|Hutmacher, Robert - University Of California|
|Roberts, Philip - University Of California|
|Wright, Steven - University Of California|
|Nichols, Robert - Cotton, Inc|
|Davis, R - University Of California|
Submitted to: Journal of Theoretical and Applied Genetics
Publication Type: Peer Reviewed Journal
Publication Acceptance Date: 2/8/2013
Publication Date: 5/5/2013
Citation: Ulloa, M., Hutmacher, R.B., Roberts, P.A., Wright, S.D., Nichols, R.L., Davis, R.M. 2013. Inheritance and QTL mapping of Fusarium wilt race 4 resistance in cotton. Journal of Theoretical and Applied Genetics. 126:1405-1418.
Interpretive Summary: Over the past nine years, Fusarium wilt disease has increasingly impacted cotton fields in California’s San Joaquin Valley. This disease is caused by a soil-inhabiting fungus that reduces yield in cotton. Planting resistant cotton varieties is the most economical method to reduce yield losses. Studies on progeny derived from crosses of Upland and Pima cottons identified a major resistance gene for race 4 of the Fusarium (Fov4) fungus. This single Fov4 gene had a major dominant expression and conferred resistance to FOV race 4 in Pima-S6. This dominant resistance gene (Fov4) was found to play a significant role in conferring resistance in different cotton genetic backgrounds. We suggest that this gene should be a primary target for breeding Fusarium-resistant cotton. In addition, molecular markers (small pieces of DNA that can be detected chemically) were identified to be associated with Fusarium wilt race 4 resistance. Analyses indicated the involvement in Fusarium resistance of additional marker-genes on six cotton chromosomes. Molecular markers are powerful tools for identifying Fusarium-resistant cottons, with the goal of reducing dependence on laborious field and greenhouse evaluations. Identified molecular markers should be useful for breeding Fusarium wilt resistance into elite cotton cultivars by marker-assisted selection.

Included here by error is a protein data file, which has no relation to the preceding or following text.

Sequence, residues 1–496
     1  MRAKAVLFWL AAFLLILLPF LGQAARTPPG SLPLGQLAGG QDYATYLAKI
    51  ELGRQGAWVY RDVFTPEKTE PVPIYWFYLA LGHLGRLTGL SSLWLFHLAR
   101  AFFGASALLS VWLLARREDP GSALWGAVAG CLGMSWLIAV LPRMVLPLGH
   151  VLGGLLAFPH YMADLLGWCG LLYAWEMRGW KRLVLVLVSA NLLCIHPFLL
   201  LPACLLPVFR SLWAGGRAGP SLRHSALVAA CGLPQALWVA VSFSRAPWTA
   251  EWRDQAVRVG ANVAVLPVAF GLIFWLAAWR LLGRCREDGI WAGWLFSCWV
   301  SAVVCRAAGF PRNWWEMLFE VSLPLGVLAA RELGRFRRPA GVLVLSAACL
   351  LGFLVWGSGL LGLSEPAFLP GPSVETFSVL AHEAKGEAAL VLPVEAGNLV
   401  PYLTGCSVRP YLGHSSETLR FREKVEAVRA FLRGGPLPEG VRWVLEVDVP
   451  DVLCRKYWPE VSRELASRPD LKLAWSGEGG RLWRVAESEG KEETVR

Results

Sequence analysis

Technical Abstract: Diseases such as Fusarium wilt [Fusarium oxysporum f.sp. vasinfectum (FOV) Atk. Sny & Hans)] represent expanding threats to cotton production. Integrating disease resistance into high-yielding, high-fiber quality cotton (Gossypium spp.) cultivars is one of the most important objectives in cotton breeding programs worldwide. In this study, we conducted a comprehensive analysis of gene action in cotton governing FOV race 4 resistance by combining conventional inheritance and quantitative trait loci (QTL) mapping with molecular markers. A set of diverse cotton populations was generated from crosses encompassing multiple genetic backgrounds. FOV race 4 resistance was investigated using seven parents and their derived populations: three intraspecific (G. hirsutum x G. hirsutum L. and G. barbadense x G. barbadense L.) and five interspecific (G. hirsutum x G. barbadense) F1, two intraspecific and four interspecific F2, and one RIL populations. Parents and populations were evaluated for disease severity index (DSI) of leaves, and vascular stem and root staining (VRS) in four greenhouse and two field experiments. Initially, a single resistance gene (Fov4) model was observed in F2 populations based on inheritance of phenotypes. This single Fov4 gene had a major dominant gene action and conferred resistance to FOV race 4 in Pima-S6. The Fov4 gene appears to be located near a genome region on chromosome 14 marked with a QTL Fov4-C14, which made the biggest contribution to the FOV race 4 resistance of the generated F2 progeny. Additional genetic and QTL analyses identified a set of 11 SSR markers that indicated the involvement of multiple genes and interactions across six linkage groups/chromosomes (3, 6, 8, 14, 17, and 25) in the inheritance of FOV race 4 resistance. QTLs detected with minor effects in these populations explained 5 – 19 percent of the DSI or VRS variation. The identified SSR markers will facilitate marker assisted selection for the introgression of individual genes or combination of genes for FOV resistance into elite cultivars. In addition, the QTLs with minor effects represent an additional resource for crop improvement and protection.